2. Some Severe Complications Are Avoidable

As researchers better target the likelihood of complications such as hypotony, vitreous hemorrhage, and macular edema, surgeons can better tailor their choices for each patient to maximize the odds of success. 

One such study, presented at the 2023 Wills Eye Conference by Anand D. Gopal, MD, explained that patients who receive a dexamethasone (DEX) implant to manage postoperative macular edema appear less likely to develop hypotony than those who are treated with intravitreal triamcinolone (IVT). In that research, 75 eyes implanted with the DEX device and 72 eyes given triamcinolone injections were followed for at least 3 months. The rates of transient hypotony per eye and injection were significantly higher in the DEX group compared with the IVT group (P =.039 and P <.001, respectively). The researchers noted no significant between-group differences in ocular hypertension, vitreous hemorrhage, or retinal detachment.4

Another study analyzed the risk for patients with neovascular glaucoma to require surgery or to lose vision despite having undergone treatment with anti vascular endothelial growth factor (VEGF) injections. “We wanted to figure out what were the factors associated with uncontrolled glaucoma, which we defined as either going on to receive glaucoma surgery, or reaching [no light perception (NLP)] vision,” explained presenter Erik Massenzio, MD. The 301-patient cohort study shows 6 particular characteristics that could put individuals with neovascular glaucoma at an elevated risk for requiring glaucoma surgery despite anti-VEGF treatment: 

  1. Having an intraocular pressure (IOP) higher than 35 mm Hg (P <.001), 
  2. Using 2 or more topical glaucoma medications (P =.003), 
  3. Presenting with worse than 20/100 vision (P =.024)
  4. Presenting with proliferative diabetic retinopathy (PDR) (P =.001), 
  5. Eye pain (P =.010), 
  6. New patient status (P =.015) at the time of NVG diagnosis.

However, Dr Massenzio explained that panretinal photocoagulation (PRP) may be an option for patients with these characteristics. “Treatment with PRP was found to be very significant and showed a protective effect for uncontrolled neovascular glaucoma.” However, PRP is not a perfect solution, as research shows it can lead to peripheral restriction, decreased contrast sensitivity and decreased color vision.5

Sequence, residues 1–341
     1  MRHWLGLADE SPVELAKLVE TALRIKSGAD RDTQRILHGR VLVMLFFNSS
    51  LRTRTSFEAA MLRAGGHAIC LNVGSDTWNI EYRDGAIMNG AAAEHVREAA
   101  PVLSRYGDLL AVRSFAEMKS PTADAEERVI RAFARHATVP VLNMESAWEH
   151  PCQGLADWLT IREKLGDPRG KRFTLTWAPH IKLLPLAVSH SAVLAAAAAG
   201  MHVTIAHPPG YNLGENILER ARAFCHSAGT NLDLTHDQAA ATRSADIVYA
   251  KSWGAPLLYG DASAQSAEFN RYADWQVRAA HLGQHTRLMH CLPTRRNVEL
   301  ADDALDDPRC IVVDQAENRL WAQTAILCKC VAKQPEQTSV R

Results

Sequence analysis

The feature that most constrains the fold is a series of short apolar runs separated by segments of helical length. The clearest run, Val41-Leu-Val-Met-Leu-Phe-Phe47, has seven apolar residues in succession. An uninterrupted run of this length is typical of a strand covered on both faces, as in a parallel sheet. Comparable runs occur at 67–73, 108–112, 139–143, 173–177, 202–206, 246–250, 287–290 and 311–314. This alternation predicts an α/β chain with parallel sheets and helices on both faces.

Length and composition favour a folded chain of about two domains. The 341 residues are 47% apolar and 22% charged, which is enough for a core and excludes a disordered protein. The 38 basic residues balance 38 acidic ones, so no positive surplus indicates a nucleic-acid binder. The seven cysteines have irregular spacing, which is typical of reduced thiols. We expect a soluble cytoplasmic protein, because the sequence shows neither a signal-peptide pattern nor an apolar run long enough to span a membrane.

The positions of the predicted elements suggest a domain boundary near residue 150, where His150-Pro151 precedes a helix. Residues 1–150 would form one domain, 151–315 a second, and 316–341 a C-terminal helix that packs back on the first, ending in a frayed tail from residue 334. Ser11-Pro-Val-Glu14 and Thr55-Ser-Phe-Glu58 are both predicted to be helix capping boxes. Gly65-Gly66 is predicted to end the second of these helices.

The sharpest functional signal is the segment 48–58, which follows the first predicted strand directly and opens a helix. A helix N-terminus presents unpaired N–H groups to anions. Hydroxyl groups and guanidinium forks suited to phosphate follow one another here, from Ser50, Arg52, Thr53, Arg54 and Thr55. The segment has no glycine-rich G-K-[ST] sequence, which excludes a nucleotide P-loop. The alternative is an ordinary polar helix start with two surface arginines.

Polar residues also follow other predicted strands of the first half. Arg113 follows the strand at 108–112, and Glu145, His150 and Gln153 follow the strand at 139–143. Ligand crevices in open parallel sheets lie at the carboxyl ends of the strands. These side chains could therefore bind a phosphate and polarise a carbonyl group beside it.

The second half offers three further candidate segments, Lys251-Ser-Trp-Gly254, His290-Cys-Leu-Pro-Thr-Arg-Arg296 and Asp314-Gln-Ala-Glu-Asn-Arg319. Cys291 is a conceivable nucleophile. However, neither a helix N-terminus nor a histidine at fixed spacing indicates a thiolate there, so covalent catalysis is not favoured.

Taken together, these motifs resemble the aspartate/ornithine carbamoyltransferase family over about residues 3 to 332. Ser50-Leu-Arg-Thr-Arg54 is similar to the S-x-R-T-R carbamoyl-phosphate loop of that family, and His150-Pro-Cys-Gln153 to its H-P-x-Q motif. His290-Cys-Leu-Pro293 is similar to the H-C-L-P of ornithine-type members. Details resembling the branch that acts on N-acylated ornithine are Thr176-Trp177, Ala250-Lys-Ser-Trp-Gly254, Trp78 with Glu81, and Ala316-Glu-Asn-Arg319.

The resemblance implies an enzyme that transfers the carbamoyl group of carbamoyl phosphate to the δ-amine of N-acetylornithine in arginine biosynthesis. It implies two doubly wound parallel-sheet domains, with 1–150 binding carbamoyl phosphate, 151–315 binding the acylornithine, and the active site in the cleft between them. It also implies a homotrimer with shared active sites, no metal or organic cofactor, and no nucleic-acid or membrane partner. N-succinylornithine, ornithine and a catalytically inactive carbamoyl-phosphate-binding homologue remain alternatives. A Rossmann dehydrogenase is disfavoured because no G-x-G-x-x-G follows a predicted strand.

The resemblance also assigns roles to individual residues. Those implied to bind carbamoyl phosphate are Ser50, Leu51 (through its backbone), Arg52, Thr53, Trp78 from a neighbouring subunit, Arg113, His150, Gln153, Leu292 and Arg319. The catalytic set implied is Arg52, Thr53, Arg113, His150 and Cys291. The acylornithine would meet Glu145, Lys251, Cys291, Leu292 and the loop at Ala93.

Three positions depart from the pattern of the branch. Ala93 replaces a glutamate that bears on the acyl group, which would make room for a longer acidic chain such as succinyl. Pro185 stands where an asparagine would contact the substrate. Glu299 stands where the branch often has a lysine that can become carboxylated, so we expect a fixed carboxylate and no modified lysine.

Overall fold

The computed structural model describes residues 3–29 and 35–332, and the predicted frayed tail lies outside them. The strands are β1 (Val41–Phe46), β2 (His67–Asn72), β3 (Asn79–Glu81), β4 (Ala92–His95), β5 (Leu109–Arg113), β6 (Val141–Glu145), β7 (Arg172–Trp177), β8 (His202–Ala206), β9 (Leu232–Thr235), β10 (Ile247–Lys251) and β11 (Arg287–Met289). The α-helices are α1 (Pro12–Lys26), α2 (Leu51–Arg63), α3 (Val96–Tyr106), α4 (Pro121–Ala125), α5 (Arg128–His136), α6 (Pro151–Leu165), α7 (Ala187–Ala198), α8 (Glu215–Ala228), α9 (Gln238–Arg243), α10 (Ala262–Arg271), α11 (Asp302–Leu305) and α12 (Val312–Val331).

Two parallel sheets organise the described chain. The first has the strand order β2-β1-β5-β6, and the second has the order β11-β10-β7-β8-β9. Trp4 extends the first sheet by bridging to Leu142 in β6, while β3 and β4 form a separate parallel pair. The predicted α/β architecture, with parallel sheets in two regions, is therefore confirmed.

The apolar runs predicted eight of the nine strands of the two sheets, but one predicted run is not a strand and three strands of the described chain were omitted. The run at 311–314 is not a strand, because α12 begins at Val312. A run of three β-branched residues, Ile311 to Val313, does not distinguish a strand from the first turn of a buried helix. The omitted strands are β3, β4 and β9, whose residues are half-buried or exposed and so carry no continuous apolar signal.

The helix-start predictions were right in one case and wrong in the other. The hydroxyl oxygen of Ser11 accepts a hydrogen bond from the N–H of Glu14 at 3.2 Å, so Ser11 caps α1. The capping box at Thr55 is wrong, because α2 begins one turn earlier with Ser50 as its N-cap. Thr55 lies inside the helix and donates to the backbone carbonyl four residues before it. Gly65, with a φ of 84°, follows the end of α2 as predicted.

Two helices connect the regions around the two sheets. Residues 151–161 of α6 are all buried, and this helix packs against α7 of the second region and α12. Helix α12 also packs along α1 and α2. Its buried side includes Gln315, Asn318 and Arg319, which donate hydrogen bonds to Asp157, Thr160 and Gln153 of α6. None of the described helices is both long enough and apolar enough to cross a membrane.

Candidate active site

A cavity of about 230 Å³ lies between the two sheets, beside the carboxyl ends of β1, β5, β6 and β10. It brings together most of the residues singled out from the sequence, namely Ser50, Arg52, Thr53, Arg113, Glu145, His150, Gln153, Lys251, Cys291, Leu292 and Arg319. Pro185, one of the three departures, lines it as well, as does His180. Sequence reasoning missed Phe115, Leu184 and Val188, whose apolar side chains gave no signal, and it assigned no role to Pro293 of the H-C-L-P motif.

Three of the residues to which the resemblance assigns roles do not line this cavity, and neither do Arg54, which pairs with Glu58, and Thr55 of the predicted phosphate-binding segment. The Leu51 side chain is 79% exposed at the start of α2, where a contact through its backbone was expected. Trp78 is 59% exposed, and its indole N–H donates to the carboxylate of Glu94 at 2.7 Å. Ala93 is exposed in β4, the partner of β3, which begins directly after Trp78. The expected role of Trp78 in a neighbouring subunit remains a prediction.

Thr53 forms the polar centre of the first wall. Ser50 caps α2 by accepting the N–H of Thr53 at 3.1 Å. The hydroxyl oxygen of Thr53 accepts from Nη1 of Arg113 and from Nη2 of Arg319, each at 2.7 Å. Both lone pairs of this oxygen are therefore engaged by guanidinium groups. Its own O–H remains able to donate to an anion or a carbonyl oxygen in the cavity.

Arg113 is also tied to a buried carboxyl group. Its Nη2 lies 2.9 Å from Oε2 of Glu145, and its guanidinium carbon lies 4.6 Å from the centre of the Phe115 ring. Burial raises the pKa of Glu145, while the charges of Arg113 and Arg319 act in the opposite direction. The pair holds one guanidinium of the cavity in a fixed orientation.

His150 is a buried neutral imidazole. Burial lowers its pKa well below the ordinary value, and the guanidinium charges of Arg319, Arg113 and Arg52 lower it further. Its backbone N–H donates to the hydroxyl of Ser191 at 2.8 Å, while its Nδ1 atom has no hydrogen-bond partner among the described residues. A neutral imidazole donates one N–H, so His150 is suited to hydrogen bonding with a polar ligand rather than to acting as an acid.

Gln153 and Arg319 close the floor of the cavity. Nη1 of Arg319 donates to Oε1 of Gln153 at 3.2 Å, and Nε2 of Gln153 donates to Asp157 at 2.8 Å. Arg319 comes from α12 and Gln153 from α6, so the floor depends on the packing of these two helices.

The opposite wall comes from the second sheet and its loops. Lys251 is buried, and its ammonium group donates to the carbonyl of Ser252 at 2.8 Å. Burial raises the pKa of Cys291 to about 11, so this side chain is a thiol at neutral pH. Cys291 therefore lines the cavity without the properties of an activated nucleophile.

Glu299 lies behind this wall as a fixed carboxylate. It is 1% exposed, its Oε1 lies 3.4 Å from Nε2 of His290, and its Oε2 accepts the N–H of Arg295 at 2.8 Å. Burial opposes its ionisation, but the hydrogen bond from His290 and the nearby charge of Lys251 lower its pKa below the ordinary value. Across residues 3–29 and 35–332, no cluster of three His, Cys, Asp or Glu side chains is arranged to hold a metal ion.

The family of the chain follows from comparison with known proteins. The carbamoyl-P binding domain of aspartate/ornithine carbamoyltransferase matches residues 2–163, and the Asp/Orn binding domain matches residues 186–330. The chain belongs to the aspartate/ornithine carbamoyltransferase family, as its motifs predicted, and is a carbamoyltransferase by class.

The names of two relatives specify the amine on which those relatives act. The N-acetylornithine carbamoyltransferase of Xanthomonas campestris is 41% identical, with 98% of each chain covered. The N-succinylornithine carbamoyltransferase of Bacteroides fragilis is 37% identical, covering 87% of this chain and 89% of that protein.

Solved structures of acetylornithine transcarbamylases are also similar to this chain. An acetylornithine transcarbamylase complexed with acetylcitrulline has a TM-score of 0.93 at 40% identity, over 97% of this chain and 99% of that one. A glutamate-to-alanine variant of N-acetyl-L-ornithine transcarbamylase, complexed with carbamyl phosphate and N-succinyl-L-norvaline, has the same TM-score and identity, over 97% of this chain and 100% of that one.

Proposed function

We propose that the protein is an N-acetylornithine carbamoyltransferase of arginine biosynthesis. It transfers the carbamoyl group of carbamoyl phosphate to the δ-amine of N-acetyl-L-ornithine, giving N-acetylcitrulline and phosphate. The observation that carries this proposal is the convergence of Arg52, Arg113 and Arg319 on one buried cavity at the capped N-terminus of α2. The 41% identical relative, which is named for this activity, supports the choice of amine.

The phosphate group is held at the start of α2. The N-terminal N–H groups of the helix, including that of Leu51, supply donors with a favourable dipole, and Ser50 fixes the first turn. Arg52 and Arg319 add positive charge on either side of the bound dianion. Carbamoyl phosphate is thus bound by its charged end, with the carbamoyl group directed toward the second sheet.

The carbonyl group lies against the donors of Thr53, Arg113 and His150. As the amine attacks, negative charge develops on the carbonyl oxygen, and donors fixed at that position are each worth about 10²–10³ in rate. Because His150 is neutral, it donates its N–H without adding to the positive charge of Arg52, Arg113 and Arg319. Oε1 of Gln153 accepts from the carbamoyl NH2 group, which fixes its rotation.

“It’s important to pick which patients should receive PRP. Our study, unlike previous studies, shows that there may be a role for anti-VEGF monotherapy over the addition of PRP to anti-VEGF injections,” Dr Massenzio said. “In all patients there was a treatment effect with PRP plus anti-VEGF injections, but in patients without media opacities who were eligible for PRP, treatment effect went away” and became insignificant. 

Research into the use of PPV for patients with vitreous hemorrhage (VH) associated with retinal vein occlusion (RVO) also warns that some pre-existing and postoperative complications can limit visual success after the procedure. Kristine Wang explained that “A recent study comparing the outcomes of vitrectomy vs non-vitrectomy treatments for VH associated with central RVO showed better outcomes in the vitrectomy group than the non-vitrectomy group. However, the rates of postoperative complications after PPV and their influence on visual outcomes has not yet been studied.”6

The study’s results show that, while most eyes (more than 90%) require only 1 surgery and 75% or eyes achieved visual improvement of 3 lines or more at 6 months, “worse final visual acuity was significantly associated with older age, concurrent neovascular glaucoma, central (rather than branch) RVO, worse preoperative visual acuity, postoperative newly developed neovascular glaucoma, and postoperative retinal detachment,” Ms Wang said. “However, of note, the duration of vitreous hemorrhage was not associated with postoperative vision.”6

That study also shows that the presence of tamponade, or a history of anti-VEGF injections or PRP, did not prevent postoperative recurrent vitreous hemorrhage. 

3. Patient Circumstances Can Inform Clinicians, Or Limit Outcomes  

A vital tool in achieving successful outcomes is understanding the patient experience. Surgeons are great at listening to their patients’ individual needs. But, today, the internet is offering so many tools to listen to patients on a more macro level. Several presentations at the 2023 Wills Eye Conference demonstrate how big data can improve patient care.